Plans for a $1.5 billion reservoir south of Lake Okeechobee, questioned by sugar farmers and House leaders, received overwhelming Senate approval after nearly three hours of discussion and debate Wednesday.
A priority of Senate President Joe Negron, R-Stuart, the bill (SB 10) seeks to lessen the recurrence of toxic green algae harming waterways in Negron’s east coast community.
The measure, which still needs House approval, was recently changed to whittle down its size and to use state-owned land. It also was expanded to include economic development efforts for the impoverished Glades region. The changes were aimed at garnering increased legislative support for the controversial plan.
“This isn’t a crazy idea, this isn’t like we’re trying to shoot water to the moon,” sponsor Rob Bradley, R-Fleming Island, said of the bill. “This is something that has been contemplated for a very long time.”
The Senate voted 36-3 to support the proposal. Sen. Jeff Clemens, D-Lake Worth, Sen. Victor Torres, D-Orlando, and Sen. Jeff Brandes, R-St. Petersburg, voted against the bill.
The plan stems, at least in part, from polluted water being discharged from Lake Okeechobee and fouling the St. Lucie and Caloosahatchee estuaries and rivers east and west of the lake. The reservoir would help move water to the south instead of having it go into the other waterways.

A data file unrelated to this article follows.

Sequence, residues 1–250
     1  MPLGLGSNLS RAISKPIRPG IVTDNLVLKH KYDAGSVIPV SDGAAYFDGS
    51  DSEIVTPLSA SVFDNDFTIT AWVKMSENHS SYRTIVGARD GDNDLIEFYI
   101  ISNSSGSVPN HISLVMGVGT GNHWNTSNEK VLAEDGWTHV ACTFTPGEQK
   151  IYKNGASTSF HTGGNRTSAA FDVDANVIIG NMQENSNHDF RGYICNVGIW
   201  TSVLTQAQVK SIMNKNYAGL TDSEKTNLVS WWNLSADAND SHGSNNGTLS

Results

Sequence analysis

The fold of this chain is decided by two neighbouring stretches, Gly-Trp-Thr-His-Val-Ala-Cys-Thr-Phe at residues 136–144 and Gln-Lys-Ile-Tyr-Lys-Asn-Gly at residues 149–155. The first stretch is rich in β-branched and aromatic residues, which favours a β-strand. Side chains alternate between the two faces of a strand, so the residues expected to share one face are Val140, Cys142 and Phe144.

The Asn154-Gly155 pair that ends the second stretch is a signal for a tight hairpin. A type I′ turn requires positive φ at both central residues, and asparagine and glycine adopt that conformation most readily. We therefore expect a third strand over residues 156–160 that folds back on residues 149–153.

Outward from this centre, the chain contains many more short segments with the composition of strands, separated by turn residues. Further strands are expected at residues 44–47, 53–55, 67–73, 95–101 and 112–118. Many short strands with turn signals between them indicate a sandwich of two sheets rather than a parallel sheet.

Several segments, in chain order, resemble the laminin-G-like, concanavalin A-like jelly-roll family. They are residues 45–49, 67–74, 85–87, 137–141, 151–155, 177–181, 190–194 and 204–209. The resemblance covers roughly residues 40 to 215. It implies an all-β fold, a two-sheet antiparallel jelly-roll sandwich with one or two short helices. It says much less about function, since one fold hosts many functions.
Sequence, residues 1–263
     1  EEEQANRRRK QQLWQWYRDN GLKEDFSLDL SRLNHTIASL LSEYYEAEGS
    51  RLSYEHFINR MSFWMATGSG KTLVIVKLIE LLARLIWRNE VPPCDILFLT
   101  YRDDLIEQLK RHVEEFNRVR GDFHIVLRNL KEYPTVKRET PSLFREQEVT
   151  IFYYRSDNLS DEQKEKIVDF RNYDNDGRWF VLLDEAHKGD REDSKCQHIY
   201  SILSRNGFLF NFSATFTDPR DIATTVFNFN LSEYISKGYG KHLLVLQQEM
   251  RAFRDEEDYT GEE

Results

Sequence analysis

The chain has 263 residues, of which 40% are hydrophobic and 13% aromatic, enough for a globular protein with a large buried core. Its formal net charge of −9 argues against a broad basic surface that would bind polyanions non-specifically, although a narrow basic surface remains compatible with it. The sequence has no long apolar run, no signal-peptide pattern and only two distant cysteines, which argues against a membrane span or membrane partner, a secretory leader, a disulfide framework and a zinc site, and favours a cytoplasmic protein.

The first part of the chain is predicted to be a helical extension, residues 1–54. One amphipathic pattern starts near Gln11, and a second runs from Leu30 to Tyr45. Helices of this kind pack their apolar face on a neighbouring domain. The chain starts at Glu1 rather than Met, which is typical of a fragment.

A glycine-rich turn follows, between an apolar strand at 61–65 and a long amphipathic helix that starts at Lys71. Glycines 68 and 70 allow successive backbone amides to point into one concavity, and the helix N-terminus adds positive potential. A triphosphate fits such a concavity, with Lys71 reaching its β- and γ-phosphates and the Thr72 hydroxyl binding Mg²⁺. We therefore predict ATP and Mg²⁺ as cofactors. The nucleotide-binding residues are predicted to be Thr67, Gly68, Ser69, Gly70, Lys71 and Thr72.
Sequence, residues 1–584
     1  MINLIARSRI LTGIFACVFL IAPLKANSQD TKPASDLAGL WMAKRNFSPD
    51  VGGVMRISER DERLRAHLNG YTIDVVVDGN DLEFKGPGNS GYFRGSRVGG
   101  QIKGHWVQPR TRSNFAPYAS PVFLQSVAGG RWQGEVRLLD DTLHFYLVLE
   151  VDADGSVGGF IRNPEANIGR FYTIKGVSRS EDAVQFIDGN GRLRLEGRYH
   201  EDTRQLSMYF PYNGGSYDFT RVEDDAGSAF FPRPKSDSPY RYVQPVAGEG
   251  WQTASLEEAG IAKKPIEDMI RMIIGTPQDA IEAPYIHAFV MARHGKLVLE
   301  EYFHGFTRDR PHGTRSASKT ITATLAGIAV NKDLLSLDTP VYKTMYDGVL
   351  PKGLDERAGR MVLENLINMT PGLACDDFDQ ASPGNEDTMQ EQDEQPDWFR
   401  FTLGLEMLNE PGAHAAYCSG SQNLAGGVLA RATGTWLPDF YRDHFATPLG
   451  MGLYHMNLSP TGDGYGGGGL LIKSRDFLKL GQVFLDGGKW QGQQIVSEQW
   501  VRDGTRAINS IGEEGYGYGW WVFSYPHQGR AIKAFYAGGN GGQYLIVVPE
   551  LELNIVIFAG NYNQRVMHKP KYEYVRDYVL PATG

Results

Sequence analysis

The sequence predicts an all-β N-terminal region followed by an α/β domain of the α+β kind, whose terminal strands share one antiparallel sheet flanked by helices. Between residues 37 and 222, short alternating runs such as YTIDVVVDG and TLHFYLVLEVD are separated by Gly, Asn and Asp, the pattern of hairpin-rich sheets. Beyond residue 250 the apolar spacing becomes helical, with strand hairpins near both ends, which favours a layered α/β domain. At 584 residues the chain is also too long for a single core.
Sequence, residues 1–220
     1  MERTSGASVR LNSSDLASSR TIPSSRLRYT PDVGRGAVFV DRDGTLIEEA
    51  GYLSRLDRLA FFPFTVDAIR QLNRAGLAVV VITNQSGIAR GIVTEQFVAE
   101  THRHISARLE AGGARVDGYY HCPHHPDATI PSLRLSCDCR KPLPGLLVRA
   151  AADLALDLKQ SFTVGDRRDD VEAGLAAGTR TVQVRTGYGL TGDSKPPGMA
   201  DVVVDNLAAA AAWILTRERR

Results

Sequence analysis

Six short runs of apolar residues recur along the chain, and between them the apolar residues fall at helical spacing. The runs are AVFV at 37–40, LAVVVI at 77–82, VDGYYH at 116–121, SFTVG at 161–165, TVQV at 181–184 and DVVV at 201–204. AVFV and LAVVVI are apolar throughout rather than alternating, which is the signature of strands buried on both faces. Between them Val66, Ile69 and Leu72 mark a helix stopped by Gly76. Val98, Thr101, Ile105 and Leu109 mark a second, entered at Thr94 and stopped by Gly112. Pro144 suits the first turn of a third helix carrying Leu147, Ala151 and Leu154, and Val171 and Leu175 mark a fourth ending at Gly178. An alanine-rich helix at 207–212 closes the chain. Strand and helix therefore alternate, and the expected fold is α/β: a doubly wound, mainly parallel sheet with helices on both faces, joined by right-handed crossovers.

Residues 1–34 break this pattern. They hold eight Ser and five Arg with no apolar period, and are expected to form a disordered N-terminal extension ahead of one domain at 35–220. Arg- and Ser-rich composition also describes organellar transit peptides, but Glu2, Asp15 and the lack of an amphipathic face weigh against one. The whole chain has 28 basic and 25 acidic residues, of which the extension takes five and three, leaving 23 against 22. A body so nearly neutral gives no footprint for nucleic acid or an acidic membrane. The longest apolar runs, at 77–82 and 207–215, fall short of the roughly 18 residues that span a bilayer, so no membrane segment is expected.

The proposal seeks to accelerate plans for the reservoir — part of a larger ongoing Everglades project effort called the Comprehensive Everglades Restoration Plan — to clean water that can be sent toward Florida Bay.
The Senate vote came after a series of Democratic amendments were rejected. Bradley said the amendments would have further diluted the proposal.
Clemens tried unsuccessfully to amend the bill to keep the reservoir on its currently scheduled federal track. He said the proposal wasn’t about delaying the storage, but to keep it in a timeline outlined by scientists.
“This isn’t a debate about whether blue-green algae (in the nearby waterways) is an issue, obviously it’s a huge issue that we need to work on immediately,” Clemens said. “This is just a disagreement and an alternative plan that makes the most sense and listens to our scientific community.”
Sen. Jack Latvala, a Clearwater Republican who worked with Negron and Bradley to recraft the bill last week, said Everglades restoration efforts have gone through a lot of false starts the past few decades and that the president has gotten the Senate to move on the issue.
“I think it’s real important to send this down to the House today with a nice solid, positive vote so they know we mean business about this issue,” Latvala said.
House Speaker Richard Corcoran, R-Land O’ Lakes, has said the changes made last week by Senate leaders improved the bill. But the House is opposed to part of the Senate proposal that would lead to issuing bonds in future years to help pay for the work.
“We’re not bonding. Bonding is an issue,” Corcoran said last week. “I didn’t say we’re going to go along with it (the Senate bill). I said it’s getting better and better.”